Traders’ calendar for September 10 – 11 ECB to hold key policy meeting (USD, JPY, GBP)

Those who speculate on the euro/dollar pair are braced for a turbulent week. The highlight of the week is the ECB policy
meeting slated for Thursday. Are there any reports that will influence
market sentiment? Let’s find out from our video calendar on
InstaForex TV channel! Tomorrow the most important data is due early
in the morning. China is going to report on its consumer inflation. The consensus suggests that consumer prices
eased to 2.6% in August. If so, investors will again voice concern
that the second largest global economy is cooling down. This will revive demand for the safe haven
yen. Today the market got to know data on the UK
economic growth for July and industrial production. Tomorrow the market will take notice of data
on the UK labor market. Of course, Brexit remains the catalyst for
market sentient on the pound sterling. However, any positive news on the British
economy enables the sterling to regain some of losses against the US dollar. Experts assume the claimant count change could
reveal 29,300 more unemployed Britons, but the actual figure could be much smaller. Thus, if the labor market reveals strong data,
the pound/dollar pair will respond with a climb. The market-moving report on Wednesday is a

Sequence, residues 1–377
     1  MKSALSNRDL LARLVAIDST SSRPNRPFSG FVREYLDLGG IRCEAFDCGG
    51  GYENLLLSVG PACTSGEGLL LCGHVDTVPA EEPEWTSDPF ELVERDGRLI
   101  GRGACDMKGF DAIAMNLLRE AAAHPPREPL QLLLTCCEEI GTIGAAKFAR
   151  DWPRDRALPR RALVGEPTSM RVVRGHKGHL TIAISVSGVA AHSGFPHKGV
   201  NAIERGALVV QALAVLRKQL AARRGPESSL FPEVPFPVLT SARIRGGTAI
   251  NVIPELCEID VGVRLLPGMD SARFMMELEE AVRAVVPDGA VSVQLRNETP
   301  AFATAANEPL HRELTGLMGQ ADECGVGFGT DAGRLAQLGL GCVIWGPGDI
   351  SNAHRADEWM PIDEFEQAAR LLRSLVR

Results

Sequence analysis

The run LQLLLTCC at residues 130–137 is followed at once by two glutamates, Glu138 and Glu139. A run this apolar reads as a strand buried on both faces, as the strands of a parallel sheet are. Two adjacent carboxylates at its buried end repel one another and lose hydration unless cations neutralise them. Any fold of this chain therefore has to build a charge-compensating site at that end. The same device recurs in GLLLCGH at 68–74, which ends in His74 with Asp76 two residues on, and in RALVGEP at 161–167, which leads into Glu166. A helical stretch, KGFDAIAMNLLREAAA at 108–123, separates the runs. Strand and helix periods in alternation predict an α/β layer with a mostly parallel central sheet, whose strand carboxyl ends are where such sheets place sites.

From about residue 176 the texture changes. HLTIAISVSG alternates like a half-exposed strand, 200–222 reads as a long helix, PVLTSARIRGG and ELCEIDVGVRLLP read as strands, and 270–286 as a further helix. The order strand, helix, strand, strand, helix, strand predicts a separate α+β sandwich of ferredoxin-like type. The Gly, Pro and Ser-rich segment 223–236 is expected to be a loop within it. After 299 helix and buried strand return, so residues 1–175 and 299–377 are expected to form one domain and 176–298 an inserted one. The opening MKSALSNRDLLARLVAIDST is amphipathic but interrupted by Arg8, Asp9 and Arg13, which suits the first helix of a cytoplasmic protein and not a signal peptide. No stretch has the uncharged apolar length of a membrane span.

producer price index from the US. Before the report is released, traders will
focus on the ECB policy meeting. The regulator will unveil its policy update
on Thursday. Nevertheless, make sure you check the US PPI
that will clear up prospects of consumer inflation. Experts foresee a flat dynamic of factory
inflation. Such information could subdue the US dollar’s
rally amid expectations of monetary easing by the ECB. Apart from the above-said events, it would
be a good idea for traders to consider the following publications. Tomorrow Australia is due to release a business
confidence index. France will report on industrial production. Canada will present data on the construction
sector. On Thursday, the ECB will eventually announce
long-awaited policy statements. Nevertheless, such events will hardly change
market sentiment radically.

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